BM: Most of the requests that I get now are from the legal department, so no, not really. Occasionally, I’ll receive a request from a news reporting agency for email correspondence. Typically, these are pretty neat. Sometimes I’ll Google them afterwards and see what’s happening. It’s mostly regarding any legal issues or salary information that is open to the public.
I did work as a processing assistant for a collection of German film stills once. There were all kinds of materials to research, organize and catalog; film stills, film strips, photographs and documentation from movies from the early 1900s to present day. However, the bulk of them were 1980s German pornography. I’ll bet those research requests are pretty interesting!
RO: What book are you currently reading, or have recently read, that you would recommend? Conversely, what book are you currently reading, or have recently read, that you not would recommend?
BM: This could be a long one, but here we go!
Recommendations to read:
Most recently I’ve been re-reading my favorites. Namely, The Edible Woman by Margaret Atwood, She’s Come Undone by Wally Lamb and before that Fire Bringer by David Clement-Davies. I usually make time to re-read these three once a year (nerd alert!). I would recommend anything by these authors – all good stuff!
But I have also gotten into a true-crime kick as of late. I recently read “I: The Creation of a Serial Killer” by Jack Olsen which is a memoir of sorts from the perspective of the Happy Face Killer. And when I finished that one, I came across “Shattered Silence: The Untold Story of a Serial Killer’s Daughter” by Melissa G. Moore, which is a memoir written from his daughter about her life, experiences and feelings about being known as the daughter of the Happy Face Killer. I can totally geek out about how fun it was to read these back-to-back, but I’m sure you get the idea.
Recommendations not to read:
I am rarely disappointed in a book, or disappointed in it enough to not recommend it. Plus, what might not totally float my boat, could be the absolute best for someone else! I think I’ll play it safe and pass on this one.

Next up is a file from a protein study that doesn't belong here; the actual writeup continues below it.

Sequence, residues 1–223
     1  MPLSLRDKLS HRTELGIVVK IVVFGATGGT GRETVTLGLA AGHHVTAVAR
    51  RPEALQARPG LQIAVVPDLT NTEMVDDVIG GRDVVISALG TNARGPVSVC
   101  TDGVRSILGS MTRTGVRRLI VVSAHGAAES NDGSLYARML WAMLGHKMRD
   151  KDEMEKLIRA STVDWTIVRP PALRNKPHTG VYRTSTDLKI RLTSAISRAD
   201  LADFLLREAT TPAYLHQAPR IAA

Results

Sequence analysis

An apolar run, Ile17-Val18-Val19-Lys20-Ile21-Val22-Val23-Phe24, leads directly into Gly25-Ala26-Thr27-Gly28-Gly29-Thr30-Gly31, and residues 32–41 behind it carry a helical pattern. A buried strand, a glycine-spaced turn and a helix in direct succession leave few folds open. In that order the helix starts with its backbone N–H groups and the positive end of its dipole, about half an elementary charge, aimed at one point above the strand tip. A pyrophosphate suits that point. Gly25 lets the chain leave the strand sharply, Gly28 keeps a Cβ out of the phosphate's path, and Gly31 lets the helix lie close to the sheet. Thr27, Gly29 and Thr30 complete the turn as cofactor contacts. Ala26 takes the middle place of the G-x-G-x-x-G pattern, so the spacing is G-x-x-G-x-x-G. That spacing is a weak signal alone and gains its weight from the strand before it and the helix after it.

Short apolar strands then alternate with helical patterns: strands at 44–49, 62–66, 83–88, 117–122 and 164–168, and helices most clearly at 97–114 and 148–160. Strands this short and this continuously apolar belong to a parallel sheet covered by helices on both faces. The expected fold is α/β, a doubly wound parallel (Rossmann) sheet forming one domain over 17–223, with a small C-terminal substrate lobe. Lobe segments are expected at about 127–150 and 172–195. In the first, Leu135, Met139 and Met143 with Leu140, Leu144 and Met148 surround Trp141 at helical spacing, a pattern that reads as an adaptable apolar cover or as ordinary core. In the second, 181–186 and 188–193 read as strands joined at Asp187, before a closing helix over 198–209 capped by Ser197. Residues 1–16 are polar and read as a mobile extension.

RO: What is something archivists do that, in your opinion, should be considered a superpower?
BM: This is probably something that comes with time, experience, and answering a ton of researcher requests, but I have always been impressed with how an archivist can know so many intricacies about his or her collection. Obviously, archivists (and assistant or student interns) typically have a finding guide to locate things in most collections. But it is not unusual for an archivist to know a collection so thoroughly that he or she can, immediately without thinking, find the tiniest piece of information or ephemera on the spot. Like they have a photographic memory.
RO: Going off of that question, if you could have a skill that is traditionally considered a superpower, what would it be?
BM: It would be pretty neat to be able to move things with my mind. I’d love to be answering an e-mail in my living room, and SWOOSH! here is the box of Thin Mints that I hid in the back of my fridge so that they would stay cool and delicious. Or BOOP! here is the crock pot that I can only fit on the very top of my kitchen cabinet and would have to climb on the counter to get down.
RO: Lastly, what advice would you give to someone who is considering going into the library science field?
BM: High five! Good choice, my friend!
- If you plan to go to library school, make the most of it! Don’t focus too much on a specific field, try to take courses that sound interesting and have fun with them.
- Be friends with your professors, because I swear, they are all awesome.
- Intern or volunteer as much as possible. This is where you’re gonna learn the real stuff. Plus, you’ll meet loads of great people along the way.
- Join some professional organizations, because library conferences are crazy-fun! And you’ll always be in-the-know with new trends and technology.
- Don’t be afraid to ask questions. I e-mail former classmates and colleagues on the reg to ask about all sorts of things. It saves me time, and I get an honest, experienced answer. Plus, I get a chance to catch up with them!
- Librarianship is not for people who want to avoid talking to other people. I went into graduate school thinking “Cool, now I can be a totally bookish introvert and no one will care. I’m allowed to be afraid to talk to people!” This is not true. It took some work and some practice, but I have pulled the extrovert out of me, and use her every single day. From answering phone calls, holding meetings, responding to user requests—I talk a lot.
Thanks, Brittany, for sharing your unique perspective!